Scientists in California say they have produced embryos that are clones of two men, a potential step toward developing scientifically valuable stem cells.
The new report documents embryos made with ordinary skin cells. But it's not the first time human cloned embryos have been made. In 2005, for example, scientists in Britain reported using embryonic stem cells to produce a cloned embryo. It matured enough to produce stem cells, but none were extracted.
Stem cells weren't produced by the new embryos either, and because of that, experts reacted coolly to the research.
"I found it difficult to determine what was substantially new," said Doug Melton of the Harvard Stem Cell Institute. He said the "next big advance will be to create a human embryonic stem cell line" from cloned embryos. "This has yet to be achieved."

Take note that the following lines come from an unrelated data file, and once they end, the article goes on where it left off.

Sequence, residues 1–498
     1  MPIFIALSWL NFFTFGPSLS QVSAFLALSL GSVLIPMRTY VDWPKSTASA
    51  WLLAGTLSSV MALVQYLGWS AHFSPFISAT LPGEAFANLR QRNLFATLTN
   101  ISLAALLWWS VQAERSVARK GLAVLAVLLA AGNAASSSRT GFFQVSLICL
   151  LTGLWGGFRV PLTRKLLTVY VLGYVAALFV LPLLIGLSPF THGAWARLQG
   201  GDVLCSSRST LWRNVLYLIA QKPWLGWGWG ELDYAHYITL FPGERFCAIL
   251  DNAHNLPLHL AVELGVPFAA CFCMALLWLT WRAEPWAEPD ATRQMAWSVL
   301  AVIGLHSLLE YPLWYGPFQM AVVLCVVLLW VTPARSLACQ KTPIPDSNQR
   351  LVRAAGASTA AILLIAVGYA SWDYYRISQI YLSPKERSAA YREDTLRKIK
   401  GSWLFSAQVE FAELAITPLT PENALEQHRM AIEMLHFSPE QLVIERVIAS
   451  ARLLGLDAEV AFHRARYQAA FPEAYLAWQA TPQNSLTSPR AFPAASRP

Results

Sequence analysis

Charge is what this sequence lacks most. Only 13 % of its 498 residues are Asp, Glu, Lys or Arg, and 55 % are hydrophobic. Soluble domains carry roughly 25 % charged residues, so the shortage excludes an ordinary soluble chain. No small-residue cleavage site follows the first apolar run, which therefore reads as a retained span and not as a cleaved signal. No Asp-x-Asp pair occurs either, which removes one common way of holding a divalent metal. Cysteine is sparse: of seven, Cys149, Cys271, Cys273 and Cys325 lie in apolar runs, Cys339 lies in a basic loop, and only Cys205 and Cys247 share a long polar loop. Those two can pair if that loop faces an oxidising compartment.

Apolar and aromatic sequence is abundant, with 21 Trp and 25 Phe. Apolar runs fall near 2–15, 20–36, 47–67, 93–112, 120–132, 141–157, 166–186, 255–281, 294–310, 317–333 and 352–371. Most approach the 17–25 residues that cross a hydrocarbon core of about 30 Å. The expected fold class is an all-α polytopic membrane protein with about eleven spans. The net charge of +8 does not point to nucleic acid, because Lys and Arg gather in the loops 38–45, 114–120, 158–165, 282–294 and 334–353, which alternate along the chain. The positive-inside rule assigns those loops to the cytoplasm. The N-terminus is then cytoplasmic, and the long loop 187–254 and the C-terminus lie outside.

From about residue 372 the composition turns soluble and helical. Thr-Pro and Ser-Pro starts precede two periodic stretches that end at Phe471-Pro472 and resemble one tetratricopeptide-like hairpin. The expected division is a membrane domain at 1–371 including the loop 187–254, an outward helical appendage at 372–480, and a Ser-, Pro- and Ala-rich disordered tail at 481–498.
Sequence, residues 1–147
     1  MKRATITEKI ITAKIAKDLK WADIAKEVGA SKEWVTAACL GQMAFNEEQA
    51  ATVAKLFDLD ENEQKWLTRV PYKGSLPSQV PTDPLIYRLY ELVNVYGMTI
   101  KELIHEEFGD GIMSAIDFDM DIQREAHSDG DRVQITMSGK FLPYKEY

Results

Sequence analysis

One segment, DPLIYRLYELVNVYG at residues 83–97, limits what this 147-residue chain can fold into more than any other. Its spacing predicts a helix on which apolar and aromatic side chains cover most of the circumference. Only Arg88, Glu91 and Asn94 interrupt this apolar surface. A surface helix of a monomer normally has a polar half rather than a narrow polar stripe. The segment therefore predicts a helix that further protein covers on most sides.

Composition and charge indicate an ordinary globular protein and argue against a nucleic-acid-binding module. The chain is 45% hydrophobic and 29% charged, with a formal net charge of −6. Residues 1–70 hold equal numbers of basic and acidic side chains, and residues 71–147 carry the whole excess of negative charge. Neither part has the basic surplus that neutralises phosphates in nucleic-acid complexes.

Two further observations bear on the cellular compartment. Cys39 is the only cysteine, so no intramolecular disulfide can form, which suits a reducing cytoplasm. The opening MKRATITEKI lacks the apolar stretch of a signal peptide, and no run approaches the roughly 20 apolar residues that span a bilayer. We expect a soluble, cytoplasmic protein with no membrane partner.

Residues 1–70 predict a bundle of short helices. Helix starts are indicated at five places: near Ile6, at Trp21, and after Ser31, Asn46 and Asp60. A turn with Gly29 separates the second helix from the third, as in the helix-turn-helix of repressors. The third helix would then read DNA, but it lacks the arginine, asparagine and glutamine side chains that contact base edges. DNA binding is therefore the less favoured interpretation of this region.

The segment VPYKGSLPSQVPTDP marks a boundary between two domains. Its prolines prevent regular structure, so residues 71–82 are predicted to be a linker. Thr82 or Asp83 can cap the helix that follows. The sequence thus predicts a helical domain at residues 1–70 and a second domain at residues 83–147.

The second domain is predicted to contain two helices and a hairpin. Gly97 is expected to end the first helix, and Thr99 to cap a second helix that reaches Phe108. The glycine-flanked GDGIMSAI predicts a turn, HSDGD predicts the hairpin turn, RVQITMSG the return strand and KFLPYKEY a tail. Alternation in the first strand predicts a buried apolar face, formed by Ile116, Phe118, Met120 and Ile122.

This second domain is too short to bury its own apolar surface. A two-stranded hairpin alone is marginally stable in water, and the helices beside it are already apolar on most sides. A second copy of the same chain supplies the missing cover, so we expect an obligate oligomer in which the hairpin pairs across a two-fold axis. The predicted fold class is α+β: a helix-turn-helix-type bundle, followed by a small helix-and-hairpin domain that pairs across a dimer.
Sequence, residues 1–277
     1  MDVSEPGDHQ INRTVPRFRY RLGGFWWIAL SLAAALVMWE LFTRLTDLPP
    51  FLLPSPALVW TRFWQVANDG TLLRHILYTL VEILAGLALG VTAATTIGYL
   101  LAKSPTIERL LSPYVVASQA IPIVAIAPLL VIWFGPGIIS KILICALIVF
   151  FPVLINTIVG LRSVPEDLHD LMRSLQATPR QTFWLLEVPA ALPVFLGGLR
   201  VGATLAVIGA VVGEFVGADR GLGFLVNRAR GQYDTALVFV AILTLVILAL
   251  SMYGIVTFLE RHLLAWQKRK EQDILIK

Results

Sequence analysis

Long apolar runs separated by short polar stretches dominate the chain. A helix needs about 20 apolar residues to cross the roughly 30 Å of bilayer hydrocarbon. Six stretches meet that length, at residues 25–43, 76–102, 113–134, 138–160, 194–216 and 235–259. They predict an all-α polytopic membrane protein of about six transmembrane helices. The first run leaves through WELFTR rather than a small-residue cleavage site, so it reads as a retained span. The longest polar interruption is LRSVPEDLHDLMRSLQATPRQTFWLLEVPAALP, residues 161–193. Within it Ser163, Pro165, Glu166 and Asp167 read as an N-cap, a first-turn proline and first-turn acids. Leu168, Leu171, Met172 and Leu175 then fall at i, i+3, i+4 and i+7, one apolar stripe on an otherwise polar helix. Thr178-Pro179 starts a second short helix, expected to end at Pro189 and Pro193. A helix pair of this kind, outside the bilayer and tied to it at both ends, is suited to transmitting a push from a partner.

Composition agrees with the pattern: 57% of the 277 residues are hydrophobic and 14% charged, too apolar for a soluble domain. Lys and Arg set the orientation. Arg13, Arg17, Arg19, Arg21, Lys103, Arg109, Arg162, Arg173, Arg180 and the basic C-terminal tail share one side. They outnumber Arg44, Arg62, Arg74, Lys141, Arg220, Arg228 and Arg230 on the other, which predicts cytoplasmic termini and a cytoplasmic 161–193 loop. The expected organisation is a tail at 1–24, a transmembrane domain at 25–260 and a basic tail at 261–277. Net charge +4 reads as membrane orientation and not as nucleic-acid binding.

Dr. George Daley of the Harvard institute and Children's Hospital Boston called the new report interesting but agreed that "the real splash" will be when somebody creates stem cell
lines from cloned human embryos.